Communion Of Dreams


Taking the long view.

This framed item has been on the wall of my bindery (at various locations) since I started work in 1992:

pledge

Here’s the same text, taken from the Services Offered page of my business website:

I am dedicated to preserving the legacy of books and documents that we have inherited.  To the best of my knowledge and ability I use techniques and materials that will last for generations.  Whenever possible, the materials are of archival quality:  acid-free and buffered papers & board, inert and reversible adhesives, unbleached linen thread, et cetera.  The techniques I use for binding and conservation work are likewise archivally oriented, non-damaging, and reversible in the event the book or document requires additional attention in the future.  All work is, of course, unconditionally guaranteed.

 

That last line sometimes surprises people. But it is extremely important, and has stood me in very good stead over the years I have been in business.  As I told a client by email this morning, concerning work on a recently-completed project (a 1910 D.A.R. charter on natural vellum which had been poorly framed and stored):

Well, I’ve done all that can be done, I think. The document is flat, the remaining wrinkling is where it was once wet and then dried in contact with the glass.

But as it says on my website: my work is unconditionally guaranteed. I want to wait until you have a chance to see the condition of the charter, and if you’re not satisfied with the work, just don’t send me payment (or if payment has already been sent, I’ll hold onto the check until you have the charter and can judge for yourself). Seriously, it is much more important to me that you be satisfied with the work than the few hours of labor I have invested in this project. I have always operated by this policy, and it has been by far the best thing for my customers and reputation.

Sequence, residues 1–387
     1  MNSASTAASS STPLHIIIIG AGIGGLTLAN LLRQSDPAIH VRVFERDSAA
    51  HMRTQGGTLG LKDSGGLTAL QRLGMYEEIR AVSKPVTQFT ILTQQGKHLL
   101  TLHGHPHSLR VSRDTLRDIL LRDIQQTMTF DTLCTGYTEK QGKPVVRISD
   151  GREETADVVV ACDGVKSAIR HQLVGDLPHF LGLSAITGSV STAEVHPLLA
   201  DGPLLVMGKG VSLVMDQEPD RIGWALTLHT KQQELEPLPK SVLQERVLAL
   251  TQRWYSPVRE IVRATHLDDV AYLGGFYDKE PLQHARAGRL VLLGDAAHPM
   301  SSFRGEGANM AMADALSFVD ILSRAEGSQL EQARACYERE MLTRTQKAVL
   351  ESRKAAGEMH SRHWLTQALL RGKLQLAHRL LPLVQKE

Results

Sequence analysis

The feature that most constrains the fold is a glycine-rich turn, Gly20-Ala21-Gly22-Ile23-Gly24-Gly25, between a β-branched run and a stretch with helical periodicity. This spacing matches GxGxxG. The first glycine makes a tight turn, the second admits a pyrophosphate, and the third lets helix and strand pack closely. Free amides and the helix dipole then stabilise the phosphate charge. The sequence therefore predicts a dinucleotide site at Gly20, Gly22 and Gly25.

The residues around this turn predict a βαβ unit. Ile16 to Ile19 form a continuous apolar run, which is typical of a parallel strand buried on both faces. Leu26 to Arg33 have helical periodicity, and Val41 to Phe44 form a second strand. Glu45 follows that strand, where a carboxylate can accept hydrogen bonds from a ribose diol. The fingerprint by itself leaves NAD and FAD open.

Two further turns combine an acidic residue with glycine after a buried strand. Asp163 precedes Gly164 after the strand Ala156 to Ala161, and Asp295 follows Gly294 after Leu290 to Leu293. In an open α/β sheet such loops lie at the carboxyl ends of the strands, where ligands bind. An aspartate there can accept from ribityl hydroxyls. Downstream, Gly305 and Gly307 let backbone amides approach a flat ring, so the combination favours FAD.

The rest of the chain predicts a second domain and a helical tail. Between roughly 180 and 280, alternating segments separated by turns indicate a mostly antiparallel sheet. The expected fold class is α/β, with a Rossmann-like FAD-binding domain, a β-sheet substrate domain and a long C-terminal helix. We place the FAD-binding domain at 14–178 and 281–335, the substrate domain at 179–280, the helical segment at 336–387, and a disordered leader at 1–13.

You might think that people would take advantage of such a policy to try and screw me out of deserved payment. And maybe a couple have in my 23+ years of business. But I think the vast majority of people are honest and well-intentioned; if I think that a client isn’t trustworthy, I just don’t take the job. That has probably filtered out a few potential problems. And the others I chalk up to being a cost of doing business. Because when I tell a client that if they are not satisfied with the work, and I will either do what is necessary to make them satisfied or there’s no charge, they see that I’m not trying to cheat them in any way. And having that reputation as a craftsman is priceless.